Pakistan is currently at the turning point of history, believes Hamid Mir, the political editor of Geo Television.
"Within the next two days, Pakistan parliament at a joint session will take up the 18th amendment of its constitution, which will change some 80 articles. This amendment is set to curtail the president's powers," Mir told rediff.com.
Mir is currently on a visit to New Delhi, where he will be honoured with the Lifetime Achievement Award by the Foundation of South Asian Association for Regional Cooperation of Writers and Literature.
Mir says, "The new amendment will make parliament more powerful than it ever was. The amendment is so wide-ranging that Pakistan is going to acquire, almost, a new constitution."
The Pakistan People's party, Pakistan Muslim League-Nawaz, Awami National party and other political parties are supporting the amendment.
Not surprisingly, Pakistan's military establishment is not happy with the amendment. Some politicians fear that at the last minute, the situation can change and that may break the consensus in Pakistan's polity. But Mir says, "We are hopeful that Pakistan will get a true platform for democracy after this amendment."
According to Mir, if this amendment is passed, Pakistan will never be the same again.
Once the amendment is passed, the North West Frontier Province will be renamed Pukhtunkhwa and Baluchistan will get greater autonomy.
On the contentious issue of the appointment of judges to the apex court too, many radical changes are being introduced.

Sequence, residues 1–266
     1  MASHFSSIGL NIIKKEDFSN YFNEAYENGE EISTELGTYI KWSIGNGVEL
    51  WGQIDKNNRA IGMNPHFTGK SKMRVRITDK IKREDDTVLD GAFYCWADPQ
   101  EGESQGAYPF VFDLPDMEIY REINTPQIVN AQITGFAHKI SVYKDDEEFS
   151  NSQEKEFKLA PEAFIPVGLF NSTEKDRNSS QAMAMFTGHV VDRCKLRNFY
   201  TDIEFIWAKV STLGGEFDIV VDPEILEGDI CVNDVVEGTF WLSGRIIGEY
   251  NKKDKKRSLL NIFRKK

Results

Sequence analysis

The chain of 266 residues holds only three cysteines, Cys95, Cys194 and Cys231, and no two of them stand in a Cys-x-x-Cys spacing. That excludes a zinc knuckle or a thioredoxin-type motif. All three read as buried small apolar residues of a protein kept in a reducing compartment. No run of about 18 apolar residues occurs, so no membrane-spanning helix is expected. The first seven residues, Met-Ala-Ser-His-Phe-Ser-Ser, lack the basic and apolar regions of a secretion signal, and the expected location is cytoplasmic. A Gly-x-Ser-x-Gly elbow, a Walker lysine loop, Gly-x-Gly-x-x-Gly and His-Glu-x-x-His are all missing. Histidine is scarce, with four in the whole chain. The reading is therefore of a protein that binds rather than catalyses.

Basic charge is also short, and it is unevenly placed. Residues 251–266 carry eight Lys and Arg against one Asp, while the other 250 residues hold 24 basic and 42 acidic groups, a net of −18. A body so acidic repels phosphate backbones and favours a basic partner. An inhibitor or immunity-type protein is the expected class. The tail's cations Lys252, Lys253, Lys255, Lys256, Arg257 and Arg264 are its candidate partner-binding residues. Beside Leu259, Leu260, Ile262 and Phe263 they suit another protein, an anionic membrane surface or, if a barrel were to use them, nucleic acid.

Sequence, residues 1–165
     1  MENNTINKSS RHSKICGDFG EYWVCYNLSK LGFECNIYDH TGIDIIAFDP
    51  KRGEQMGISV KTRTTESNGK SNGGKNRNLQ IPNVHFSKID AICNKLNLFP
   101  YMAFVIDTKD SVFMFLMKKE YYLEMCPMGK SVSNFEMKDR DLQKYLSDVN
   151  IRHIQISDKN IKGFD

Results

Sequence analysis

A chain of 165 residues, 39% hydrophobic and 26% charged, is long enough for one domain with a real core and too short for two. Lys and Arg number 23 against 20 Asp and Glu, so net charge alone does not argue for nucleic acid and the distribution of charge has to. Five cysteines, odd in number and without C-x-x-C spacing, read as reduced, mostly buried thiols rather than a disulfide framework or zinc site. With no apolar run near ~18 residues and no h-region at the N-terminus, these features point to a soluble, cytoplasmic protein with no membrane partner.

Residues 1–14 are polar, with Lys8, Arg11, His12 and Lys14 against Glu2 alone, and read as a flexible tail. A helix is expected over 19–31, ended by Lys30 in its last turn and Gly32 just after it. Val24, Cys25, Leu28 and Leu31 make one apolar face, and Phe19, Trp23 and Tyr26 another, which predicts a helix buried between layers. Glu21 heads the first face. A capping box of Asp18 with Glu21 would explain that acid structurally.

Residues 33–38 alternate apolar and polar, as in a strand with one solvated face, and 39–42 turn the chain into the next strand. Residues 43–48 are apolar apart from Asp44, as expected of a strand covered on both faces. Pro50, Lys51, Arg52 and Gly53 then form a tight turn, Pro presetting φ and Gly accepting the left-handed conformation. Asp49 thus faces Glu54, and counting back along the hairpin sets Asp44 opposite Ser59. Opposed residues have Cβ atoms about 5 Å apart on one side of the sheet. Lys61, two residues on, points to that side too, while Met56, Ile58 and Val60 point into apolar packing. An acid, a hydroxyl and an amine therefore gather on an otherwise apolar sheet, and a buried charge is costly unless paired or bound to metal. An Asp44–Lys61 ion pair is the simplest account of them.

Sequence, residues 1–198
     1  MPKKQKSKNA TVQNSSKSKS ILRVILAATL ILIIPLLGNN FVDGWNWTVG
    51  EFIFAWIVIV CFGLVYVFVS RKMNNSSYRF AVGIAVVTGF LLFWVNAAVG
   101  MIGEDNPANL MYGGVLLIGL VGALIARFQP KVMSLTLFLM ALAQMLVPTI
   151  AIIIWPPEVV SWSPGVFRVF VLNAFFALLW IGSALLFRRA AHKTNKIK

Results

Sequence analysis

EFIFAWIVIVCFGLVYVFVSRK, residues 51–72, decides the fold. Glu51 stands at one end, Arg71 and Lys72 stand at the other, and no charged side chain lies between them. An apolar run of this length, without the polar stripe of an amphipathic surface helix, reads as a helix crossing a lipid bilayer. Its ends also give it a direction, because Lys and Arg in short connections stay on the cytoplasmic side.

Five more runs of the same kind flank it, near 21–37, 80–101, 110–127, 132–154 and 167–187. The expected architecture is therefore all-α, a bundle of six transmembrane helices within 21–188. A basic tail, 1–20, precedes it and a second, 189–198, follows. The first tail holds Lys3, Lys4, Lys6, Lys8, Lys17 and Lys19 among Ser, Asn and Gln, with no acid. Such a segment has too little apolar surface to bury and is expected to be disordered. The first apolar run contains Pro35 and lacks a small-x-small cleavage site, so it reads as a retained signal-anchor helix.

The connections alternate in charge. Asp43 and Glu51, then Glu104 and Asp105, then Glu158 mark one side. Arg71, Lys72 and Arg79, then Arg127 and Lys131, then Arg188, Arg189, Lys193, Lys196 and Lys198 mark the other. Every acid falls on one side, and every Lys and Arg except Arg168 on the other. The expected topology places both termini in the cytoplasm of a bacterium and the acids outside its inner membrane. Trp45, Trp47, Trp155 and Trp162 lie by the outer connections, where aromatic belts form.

Under this constitutional amendment, to appoint judges to Pakistan's apex court, the chief justice and two of his colleagues will shortlist the names of judges, which will then be sent to the parliamentary judicial commission comprising eight members, four from the ruling coalition and four from the opposition parties. At least six members will have to approve the selection of judges. The prime minister will be guided by the advice of the parliamentary judicial commission.
Representatives from the various political parties held over 70 meetings, most of which lasted for 6-7 hours, to finalise the sweeping change in Pakistan's constitution.
Mir says, "The new amendment weakens the army because it will snatch away the powers of the army chief. There is resistance from the military (against the amendment)."
"In effect, it will also weaken America's space for maneuverability within Pakistan's establishment," argues Mir.
The 18th amendment is the culmination of various pro-democracy initiatives like the Charter of Democracy signed by PML-N chief Nawaz Sharif and late PPP chief Banezir Bhutto in London in 2006 and the movement launched by Pakistani lawyers demanding more transparency in the country's judiciary.
"This is PPP chairman and Pakistan President Asif Zardari's democratic revenge on the military establishment. All of us in Pakistan have understood that our survival lies in democracy," observes Mir.
In a lighter vein, Mir added, "Zardari wants to become the Sonia Gandhi of Pakistan."
When asked whether the army will resist the passing of the 18th amendment and stage a coup, as then army chief Pervez Musharraf did in 1998 to oust the Nawaz Sharif-led civilian government, Mir said, "All of us have decided to not resist peacefully if any coup takes place."